?is: at zenith on any dayiof the year. For example, as
vfsuifnethat the‘ date visrApril 15, and that‘ the observer is
>in,_W_ashington,. D.C. ‘V It'i's-desired to know the one spot
‘ nearest the‘ sun at noon.
analernma- 215 is'centered -
I r'betweenthe lines'ottheITropics ‘of-Cancer and Capri
~ corn on the earth’s surface’ with the meridian line of the
L anyivtwo points onthe globegwliich'is, of course, thefg'r'eat Zianalerhrha-ih line with the ‘Washington, DQC, meridian
on the globe. The observer then reads along the analem
- The‘same method could be used with‘ any celestial body
ma for the ‘date ‘(April 14) which~ indicates that the sun
to ?nd or demonstrate lines of position used in naviga
If it is desired to ?nd the‘ limits of the earth’s shadow
cone ctor satellites at various heights, the globe assembly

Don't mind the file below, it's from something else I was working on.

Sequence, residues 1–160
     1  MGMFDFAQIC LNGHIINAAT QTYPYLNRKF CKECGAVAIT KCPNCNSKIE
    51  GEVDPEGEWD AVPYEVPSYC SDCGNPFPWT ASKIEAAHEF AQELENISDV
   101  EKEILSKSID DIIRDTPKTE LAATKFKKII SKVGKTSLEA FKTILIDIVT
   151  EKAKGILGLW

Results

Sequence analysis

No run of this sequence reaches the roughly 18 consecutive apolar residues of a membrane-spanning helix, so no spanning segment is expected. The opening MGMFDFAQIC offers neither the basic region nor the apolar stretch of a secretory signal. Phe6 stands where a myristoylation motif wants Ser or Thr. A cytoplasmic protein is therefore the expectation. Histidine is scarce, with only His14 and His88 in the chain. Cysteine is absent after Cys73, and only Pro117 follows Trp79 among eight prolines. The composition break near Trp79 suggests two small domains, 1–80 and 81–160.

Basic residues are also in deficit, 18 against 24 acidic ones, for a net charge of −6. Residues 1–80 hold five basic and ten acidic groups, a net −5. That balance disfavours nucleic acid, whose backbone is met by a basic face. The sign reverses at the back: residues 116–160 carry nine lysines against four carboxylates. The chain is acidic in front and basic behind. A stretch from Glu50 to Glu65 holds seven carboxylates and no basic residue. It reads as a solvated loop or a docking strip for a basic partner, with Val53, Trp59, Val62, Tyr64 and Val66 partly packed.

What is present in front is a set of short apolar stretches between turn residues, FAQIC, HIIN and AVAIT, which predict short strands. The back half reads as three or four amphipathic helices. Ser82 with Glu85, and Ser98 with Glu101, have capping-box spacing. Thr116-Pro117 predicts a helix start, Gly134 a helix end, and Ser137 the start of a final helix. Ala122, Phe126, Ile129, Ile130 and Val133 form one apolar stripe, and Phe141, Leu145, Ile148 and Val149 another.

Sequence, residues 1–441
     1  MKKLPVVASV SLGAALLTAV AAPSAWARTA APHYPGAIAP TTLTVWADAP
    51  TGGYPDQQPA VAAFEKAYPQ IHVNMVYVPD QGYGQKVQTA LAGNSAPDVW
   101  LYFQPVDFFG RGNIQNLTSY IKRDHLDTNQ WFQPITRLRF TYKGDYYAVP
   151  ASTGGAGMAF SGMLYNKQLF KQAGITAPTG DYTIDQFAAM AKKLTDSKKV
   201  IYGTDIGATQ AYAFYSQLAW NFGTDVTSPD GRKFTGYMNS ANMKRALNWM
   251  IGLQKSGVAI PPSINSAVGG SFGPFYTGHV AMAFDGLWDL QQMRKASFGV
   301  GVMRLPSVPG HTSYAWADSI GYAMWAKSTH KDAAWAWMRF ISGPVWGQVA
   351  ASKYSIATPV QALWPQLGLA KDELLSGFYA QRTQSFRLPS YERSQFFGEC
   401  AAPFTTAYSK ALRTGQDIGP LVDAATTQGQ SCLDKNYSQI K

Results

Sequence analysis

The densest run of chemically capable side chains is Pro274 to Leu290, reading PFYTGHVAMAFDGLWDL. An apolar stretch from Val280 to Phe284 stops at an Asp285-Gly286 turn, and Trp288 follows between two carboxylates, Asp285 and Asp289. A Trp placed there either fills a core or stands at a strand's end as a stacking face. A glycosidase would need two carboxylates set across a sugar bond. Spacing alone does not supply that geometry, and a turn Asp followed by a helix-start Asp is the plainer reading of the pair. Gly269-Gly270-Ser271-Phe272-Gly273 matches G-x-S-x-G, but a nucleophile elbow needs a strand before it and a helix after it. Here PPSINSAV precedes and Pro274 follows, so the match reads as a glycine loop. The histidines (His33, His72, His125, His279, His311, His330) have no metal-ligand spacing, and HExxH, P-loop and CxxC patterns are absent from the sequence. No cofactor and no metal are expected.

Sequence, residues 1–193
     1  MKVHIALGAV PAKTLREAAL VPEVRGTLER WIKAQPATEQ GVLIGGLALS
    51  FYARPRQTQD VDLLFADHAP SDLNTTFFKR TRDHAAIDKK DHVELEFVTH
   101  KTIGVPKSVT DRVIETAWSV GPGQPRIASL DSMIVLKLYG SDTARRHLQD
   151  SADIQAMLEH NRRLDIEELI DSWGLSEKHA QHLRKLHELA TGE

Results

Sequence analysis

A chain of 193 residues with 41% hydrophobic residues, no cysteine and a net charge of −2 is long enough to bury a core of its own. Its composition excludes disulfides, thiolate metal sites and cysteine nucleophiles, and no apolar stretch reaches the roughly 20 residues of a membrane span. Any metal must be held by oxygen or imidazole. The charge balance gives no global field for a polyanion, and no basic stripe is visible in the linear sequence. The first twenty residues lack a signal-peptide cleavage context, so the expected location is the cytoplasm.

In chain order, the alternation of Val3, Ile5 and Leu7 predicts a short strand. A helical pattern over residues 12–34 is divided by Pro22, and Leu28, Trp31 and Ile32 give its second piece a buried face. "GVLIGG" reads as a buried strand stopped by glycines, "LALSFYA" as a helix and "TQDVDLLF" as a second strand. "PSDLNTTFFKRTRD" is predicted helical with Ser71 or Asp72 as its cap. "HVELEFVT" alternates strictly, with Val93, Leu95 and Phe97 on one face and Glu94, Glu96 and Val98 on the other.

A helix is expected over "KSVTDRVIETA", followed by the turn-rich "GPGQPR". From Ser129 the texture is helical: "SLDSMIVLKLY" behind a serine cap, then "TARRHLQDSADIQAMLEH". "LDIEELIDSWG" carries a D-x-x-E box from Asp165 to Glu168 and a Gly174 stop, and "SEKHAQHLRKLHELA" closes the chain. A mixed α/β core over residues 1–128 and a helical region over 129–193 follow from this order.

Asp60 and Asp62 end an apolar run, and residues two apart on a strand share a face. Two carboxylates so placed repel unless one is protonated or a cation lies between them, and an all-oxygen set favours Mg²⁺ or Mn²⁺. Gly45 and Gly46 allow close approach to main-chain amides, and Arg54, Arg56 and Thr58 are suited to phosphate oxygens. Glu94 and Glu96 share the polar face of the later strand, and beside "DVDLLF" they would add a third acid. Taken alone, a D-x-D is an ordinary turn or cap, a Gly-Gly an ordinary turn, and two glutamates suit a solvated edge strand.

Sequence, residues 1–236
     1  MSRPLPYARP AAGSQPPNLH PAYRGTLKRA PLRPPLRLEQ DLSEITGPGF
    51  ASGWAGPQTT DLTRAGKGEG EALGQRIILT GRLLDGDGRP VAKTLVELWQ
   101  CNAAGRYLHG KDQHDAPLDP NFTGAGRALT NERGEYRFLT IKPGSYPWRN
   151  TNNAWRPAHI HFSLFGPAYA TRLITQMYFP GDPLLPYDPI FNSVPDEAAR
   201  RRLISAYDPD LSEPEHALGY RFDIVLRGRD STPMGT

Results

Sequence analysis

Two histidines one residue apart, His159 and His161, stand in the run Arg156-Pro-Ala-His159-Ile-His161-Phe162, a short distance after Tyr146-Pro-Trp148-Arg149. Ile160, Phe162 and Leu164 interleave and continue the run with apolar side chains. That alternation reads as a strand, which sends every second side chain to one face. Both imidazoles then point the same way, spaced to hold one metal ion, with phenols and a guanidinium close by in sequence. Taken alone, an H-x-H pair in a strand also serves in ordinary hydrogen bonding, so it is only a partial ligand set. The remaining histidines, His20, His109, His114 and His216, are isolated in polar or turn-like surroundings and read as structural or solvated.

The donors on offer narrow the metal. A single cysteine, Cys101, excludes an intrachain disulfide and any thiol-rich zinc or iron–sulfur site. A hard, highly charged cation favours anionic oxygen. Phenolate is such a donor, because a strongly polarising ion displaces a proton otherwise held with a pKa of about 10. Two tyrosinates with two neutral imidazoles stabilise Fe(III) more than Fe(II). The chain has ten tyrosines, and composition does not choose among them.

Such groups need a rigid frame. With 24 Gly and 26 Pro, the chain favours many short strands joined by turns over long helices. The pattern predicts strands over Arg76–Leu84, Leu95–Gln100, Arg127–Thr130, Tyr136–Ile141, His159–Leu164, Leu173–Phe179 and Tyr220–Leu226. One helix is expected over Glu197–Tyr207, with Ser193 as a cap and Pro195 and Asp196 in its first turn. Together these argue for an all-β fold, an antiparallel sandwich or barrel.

of the invention may be uscdas ‘follows. First, the
is almost directly over the .Panama Canal, thus solving the
problem. The analemm-a 25 may be used to solve other
problems which will be ‘obvious to those skilled in the art.
The globe assembly of the invention, together with
the spherical'protractor 20, may also be‘ used for track
sun’s geographical position for the day and time is found,
ing an arti?cial satellite in orbit, as soon as the satellite
using the analemma on the spherical protractor to de
enters on a relatively stable path that can ‘be traced on
. termine declination ‘and equation of time, and using the
i the earth’s surface as a great circlet It is vonly neces 10 time circles on the ‘great-circle ring 11 to determine/the